Is Your Performance Review System Outdated? By Doug Staneart
One of the most common complaints that comes up in job satisfaction surveys is, “I never get useful feedback about how I am doing my job.”
Most companies today use a performance appraisal system or an annual performance review system that was invented decades ago in a much slower business economy. So the assessment that is given to employees in annual, semi-annual, or even quarterly reviews tends to be outdated by the time it is received by the person who could benefit most from the information — the employee.
In addition, the measurements that are in place in these appraisal forms are typically arbitrary and subjective. For example, when I was in college, I had an internship with a major Fortune 500 company. At the end of the 3-month internship, my performance assessment was reviewed by the other members of my department (in a 360 degree feedback method.)
All of these people thought that I was an exceptional intern, but they had to judge my performance based on the same five-point scale on the same form that they were judged by. I still remember the ache in the pit of my stomach when I saw all of the threes and fours on the job evaluation. My boss explained to me that very few people ever received fives on their evaluations, as that would leave little room for improvement.
After reading and re-reading the document, I was left with the same question that many employees today are asking: Did I or did I not do my job well?
In today’s fast-paced economy, these traditional systems just don’t work. Performance appraisals should be short, no more than ten-minutes, and should focus on the results expected from the employee’s current position, and how effectively the employee’s current goals are being met. And above all, the reviews should be easy to write!
For example, a Project Manager may have a number of different results that are expect from his or her performance. Is the project on schedule? Is it under budget? Are the company quality standards being met? Is the customer satisfied? Are employee expenses in line?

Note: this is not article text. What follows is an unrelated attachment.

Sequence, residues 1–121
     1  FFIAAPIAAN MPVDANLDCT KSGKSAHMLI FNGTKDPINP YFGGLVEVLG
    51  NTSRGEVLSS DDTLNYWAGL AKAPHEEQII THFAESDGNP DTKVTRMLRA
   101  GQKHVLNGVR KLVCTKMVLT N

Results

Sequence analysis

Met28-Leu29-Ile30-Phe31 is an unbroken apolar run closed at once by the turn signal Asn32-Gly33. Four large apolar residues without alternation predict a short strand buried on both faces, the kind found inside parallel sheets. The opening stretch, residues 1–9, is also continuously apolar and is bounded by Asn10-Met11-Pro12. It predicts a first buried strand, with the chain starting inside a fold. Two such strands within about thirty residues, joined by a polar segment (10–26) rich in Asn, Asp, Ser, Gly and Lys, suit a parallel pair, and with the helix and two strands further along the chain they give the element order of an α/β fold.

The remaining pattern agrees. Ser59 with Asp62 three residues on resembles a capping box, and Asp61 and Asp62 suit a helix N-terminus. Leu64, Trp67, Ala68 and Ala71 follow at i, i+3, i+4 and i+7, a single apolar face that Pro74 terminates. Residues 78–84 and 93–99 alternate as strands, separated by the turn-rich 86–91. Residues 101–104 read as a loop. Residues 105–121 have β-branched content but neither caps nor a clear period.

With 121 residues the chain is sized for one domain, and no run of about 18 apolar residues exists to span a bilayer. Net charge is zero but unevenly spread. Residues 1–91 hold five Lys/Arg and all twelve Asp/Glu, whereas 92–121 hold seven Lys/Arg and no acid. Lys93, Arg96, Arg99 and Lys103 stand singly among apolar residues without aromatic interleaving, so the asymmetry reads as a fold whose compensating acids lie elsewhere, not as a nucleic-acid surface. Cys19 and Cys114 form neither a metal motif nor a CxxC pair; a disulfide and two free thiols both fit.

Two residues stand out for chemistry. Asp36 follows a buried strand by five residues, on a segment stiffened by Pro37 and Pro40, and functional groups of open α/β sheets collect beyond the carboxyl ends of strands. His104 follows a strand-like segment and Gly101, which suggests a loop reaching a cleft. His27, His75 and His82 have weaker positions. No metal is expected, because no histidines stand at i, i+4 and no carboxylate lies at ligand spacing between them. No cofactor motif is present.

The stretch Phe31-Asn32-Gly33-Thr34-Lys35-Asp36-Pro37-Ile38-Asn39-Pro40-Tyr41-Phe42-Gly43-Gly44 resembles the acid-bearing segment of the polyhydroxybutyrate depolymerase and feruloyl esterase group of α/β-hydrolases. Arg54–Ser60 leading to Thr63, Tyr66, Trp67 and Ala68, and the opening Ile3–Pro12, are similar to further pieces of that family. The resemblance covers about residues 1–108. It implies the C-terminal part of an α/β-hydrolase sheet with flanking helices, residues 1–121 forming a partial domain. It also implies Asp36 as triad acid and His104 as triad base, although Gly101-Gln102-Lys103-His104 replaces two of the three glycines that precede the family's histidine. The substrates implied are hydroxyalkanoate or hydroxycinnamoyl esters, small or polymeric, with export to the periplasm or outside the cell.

All of these results can and should be measured consistently. Intangibles can also be measured such as morale (through employee surveys, workplace absenteeism, and turnover,) leadership (productivity, development of people, and problem-solving skills,) and work ethic (are goals consistently met, are goals challenging, and are projects completed timely.)
With this system, a manager can schedule monthly “mini-interviews” taking just minutes. These sessions are valuable because they open lines of communication and they give the manager a chance to update the progress of the employee in different result areas.
If the employee is performing above expectations, then this is an opportunity to shine and set new goals, and if the employee is performing below expectations, then corrective actions can be taken. Then take just a couple of minutes to write the results.
These “mini interviews” make annual appraisals a piece of cake, because the employee and the manager now have as many as 12 separate (written) measured checkpoints along the way that show how the employee has performed over the last year.
This annual review now has documented facts to base an appraisal on. The employee sees that he or she was on budget 95% of the time versus receiving a four out of five, or that he or she is ranked in the 90th percentile of managers within the company based on leadership.
This system, although not foolproof, can greatly reduce the stress and tension associated with Performance Appraisals. It will cut down on the ill feelings associated with 360 degree method assessments as well. Companies using this type of system show dramatically higher productivity within months of implementation.
Doug Staneart, email@example.com, is CEO of The Leaders Institute, Management and Public Speaking Training. His classes focus on overcoming the fear of public speaking, building confident and autonomous leaders, and improving employee morale. He can be reached toll-free at 1-800-872-7830.
-What do you think are the key ingredients to ensuring that performance reviews are the most effective? Were there any ideas shared in the above article that you agree or disagree with?
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